Tuesday, February 27, 2007

Mr. Wordsworth ... in the Kitchen ... with the Butter Knife?

[Note: this is a long post]

There's been an ongoing discussion over on ExLibris lately that prompts this post, which is a short* examination of what seems to be a game of literary "Telephone". The discussion started - I think - with a post about binding errors [update: I'm reminded the original question dealt with what appeared to be an intentional misbinding] and what value (if any) they brought to books. It then slowly morphed into a conversation about shrink-wrapped books, and from there to the difference between "shrink-wrapped" and "unopened" (that is, a book in which the top and fore-edges of the leaves remain connected from where the sheets were folded into gatherings ... not to be confused with "uncut", where the page edges have not been trimmed straight by the binder. See here, the first and second images).

An anecdote, introduced into the thread at this point, starts us on our investigation. Wrote one member (all such of whom shall remain anonymous for our purposes: "
There is an amusing story regarding Wordsworth and Coleridge at Dove Cottage which illustrates their different temperaments: Wordsworth was greatly annoyed to see Coleridge opening new books with the butter knife."

Ah, wrote another Ex-Libran "Smiling to think of the scene (was Dorothy in the doorway? - did she take sides? - I don't remember!)." But wait, said a third: "Unless my memory is playing tricks on me, it was Wordsworth, not Coleridge, who sliced open books with a butter knife. I have a feeling that Harriet Martineau may be the source of that story."

My curiosity then piqued (an effect almost unavoidable under the circumstances) I checked a few book indexes from my shelves and then clicked over to Google Books (which, as I think I've said before, I am coming to think of as a sort of "master index" even though it's not there yet). I found a few citations which named Wordsworth the buttered-knife fiend, and passed them on to the list. Not to be countered, however, the original poster who'd pointed the buttered blade at Coleridge replied "The particulars seem fraught with confusion & conflation. It does
appear that SOMEBODY committed the heinous deed, but the doctors disagree." Pasted below were three more citations, all naming Coleridge. And so the project was on. What's the root of this story? How's it gotten so snarled?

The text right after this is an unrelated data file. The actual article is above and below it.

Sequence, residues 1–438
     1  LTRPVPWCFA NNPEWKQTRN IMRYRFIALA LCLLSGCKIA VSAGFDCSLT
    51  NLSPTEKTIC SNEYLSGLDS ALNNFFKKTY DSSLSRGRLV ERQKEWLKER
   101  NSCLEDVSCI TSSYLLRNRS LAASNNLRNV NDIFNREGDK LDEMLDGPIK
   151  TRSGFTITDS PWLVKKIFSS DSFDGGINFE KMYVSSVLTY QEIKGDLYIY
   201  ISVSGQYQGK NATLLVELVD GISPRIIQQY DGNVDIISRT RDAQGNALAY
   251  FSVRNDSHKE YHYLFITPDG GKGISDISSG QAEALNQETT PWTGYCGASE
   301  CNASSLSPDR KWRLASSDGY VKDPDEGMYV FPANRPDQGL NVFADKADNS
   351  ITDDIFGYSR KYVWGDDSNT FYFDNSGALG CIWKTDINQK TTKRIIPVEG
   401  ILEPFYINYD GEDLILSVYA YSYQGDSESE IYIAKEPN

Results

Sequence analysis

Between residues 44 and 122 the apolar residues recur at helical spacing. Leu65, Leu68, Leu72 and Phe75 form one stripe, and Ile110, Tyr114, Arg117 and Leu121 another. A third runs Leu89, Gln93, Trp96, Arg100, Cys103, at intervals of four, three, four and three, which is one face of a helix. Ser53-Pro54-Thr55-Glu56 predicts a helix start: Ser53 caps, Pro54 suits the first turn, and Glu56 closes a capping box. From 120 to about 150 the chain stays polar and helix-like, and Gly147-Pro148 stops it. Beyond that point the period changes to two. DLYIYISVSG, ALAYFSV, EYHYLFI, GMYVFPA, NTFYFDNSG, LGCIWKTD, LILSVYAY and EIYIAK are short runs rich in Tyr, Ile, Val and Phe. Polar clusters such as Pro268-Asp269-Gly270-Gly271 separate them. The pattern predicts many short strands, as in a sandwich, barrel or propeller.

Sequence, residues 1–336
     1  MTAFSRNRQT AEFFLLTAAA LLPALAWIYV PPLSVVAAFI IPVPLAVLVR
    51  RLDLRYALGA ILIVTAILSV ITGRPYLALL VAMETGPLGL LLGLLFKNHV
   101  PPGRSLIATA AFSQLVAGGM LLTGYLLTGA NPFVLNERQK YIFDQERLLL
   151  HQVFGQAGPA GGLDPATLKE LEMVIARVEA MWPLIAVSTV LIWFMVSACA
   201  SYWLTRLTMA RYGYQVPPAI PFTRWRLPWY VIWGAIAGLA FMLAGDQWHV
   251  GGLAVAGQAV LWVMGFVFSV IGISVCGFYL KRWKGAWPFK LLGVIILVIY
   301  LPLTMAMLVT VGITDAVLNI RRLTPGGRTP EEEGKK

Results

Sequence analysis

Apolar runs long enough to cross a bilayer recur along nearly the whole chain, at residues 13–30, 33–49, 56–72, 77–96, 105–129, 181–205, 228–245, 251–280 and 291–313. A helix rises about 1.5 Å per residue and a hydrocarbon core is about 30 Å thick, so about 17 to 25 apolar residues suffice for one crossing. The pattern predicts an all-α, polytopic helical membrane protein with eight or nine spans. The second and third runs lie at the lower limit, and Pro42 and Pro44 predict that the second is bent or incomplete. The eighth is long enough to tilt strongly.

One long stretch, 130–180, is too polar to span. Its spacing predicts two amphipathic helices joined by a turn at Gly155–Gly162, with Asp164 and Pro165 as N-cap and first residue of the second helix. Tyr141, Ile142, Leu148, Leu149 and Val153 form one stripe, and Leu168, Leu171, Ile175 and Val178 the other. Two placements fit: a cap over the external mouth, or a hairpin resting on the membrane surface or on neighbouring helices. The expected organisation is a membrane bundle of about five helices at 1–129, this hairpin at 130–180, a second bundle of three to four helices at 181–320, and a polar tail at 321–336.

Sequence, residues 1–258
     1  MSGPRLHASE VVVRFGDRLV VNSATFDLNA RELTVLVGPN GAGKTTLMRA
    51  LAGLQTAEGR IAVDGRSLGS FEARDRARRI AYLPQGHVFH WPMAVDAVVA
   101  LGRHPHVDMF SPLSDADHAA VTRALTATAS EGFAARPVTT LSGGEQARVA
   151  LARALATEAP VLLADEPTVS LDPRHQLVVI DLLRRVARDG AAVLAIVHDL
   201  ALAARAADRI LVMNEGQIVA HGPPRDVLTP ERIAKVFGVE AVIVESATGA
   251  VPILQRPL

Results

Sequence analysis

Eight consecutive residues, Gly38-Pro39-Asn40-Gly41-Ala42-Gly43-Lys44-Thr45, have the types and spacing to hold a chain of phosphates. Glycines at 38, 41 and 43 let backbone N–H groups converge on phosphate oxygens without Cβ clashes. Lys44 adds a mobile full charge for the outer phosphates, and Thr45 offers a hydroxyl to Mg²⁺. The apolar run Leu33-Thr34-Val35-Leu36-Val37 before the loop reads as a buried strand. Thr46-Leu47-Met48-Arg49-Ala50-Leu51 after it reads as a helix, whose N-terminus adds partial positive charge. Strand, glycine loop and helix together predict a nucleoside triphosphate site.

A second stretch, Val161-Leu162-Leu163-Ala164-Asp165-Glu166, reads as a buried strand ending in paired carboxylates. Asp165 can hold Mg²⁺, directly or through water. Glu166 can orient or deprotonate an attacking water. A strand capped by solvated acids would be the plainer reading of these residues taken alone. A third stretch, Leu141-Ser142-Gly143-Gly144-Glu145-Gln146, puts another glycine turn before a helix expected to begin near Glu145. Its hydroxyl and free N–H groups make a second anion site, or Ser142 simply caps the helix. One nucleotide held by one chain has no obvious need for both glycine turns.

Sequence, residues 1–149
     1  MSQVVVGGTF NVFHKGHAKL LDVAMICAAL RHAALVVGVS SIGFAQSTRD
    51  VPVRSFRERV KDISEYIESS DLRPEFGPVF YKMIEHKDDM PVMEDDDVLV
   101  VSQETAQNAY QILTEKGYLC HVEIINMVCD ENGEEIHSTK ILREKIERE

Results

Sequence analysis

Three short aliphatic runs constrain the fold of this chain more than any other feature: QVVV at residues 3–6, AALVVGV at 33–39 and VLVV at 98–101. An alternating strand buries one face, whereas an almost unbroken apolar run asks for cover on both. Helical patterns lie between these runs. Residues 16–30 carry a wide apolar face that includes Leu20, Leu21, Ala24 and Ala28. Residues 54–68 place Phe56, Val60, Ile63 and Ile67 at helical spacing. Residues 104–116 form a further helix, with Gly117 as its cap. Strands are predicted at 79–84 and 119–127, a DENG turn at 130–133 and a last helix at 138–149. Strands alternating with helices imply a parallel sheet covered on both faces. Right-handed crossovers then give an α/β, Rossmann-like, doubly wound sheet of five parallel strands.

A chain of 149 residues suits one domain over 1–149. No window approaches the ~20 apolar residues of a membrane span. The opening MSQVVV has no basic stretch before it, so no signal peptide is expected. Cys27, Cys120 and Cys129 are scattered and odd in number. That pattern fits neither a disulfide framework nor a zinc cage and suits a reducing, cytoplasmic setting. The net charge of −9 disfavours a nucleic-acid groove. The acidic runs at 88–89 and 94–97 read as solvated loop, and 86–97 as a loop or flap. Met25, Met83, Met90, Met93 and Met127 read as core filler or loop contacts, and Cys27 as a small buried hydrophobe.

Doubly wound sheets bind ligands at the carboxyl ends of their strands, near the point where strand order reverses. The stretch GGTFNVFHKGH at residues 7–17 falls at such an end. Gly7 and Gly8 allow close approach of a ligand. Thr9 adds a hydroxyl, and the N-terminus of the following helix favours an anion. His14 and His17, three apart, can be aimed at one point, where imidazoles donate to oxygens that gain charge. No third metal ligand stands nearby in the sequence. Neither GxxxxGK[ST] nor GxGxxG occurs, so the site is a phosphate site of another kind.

Off we go.

From what I've been able to determine so far - and this could change at any moment, mind you - the originator of this story seems to be Thomas De Quincey, who tells it in his The Lake Poets: Wordsworth and Southey (written 1830-40, but to be found in Volume II of The Collected Writings of Thomas De Quincey, 1889). On page 312 of that volume, De Quincey writes: "[Robert] Southey had particularly elegant habits (Wordsworth called them finical) in the use of books. Wordsworth, on the other hand, was so negligent, and so self-indulgent in the same case, that, as Southey, laughing, expressed it to me some years afterwards ... 'To introduce Wordsworth into one's library is like letting a bear into a tulip garden.'"

De Quincey continues, recounting the tale of the "first exemplification" he had of Wordsworth's 'less than gentle' treatment of books. It was, he writes, "early in my acquaintance with him, and on occasion of a book which (if any could) justified the too summary style of his advances in rifling its charms. On a level with the eye, when sitting at the tea-table in my little cottage at Grasmere, stood the collective works of Edmund Burke. The book was to me an eye-sore and an ear-sore for many a year, in consequence of the cacophonous title lettered by the bookseller upon the back - 'Burke's Works.' I have heard it said, by the way that, Donne's intolerable defect of ear grew out of his own baptismal name, when harnessed to his own surname - John Donne. No man, it was said, who had listened to this hideous jingle from childish years, could fail to have his genius for discord, and the abominable in sound, improved to the utmost. Not less dreadful than John Donne was 'Burke's Works'; which, however, on the old principle, that every day's work is no day's work, continued to annoy me for twenty-one years. Wordsworth took down the volume; unfortunately it was uncut; fortunately, and by a special Providence as to him, it seemed, tea was proceeding at the time. Dry toast required butter; butter required knives; and knives then lay on the table; but sad it was for the virgin purity of Mr. Burke's as yet unsunned pages, that every knife bore upon its blade testimonies of the service it had rendered. Did that stop Wordsworth? Did that cause him to call for another knife? Not at all; he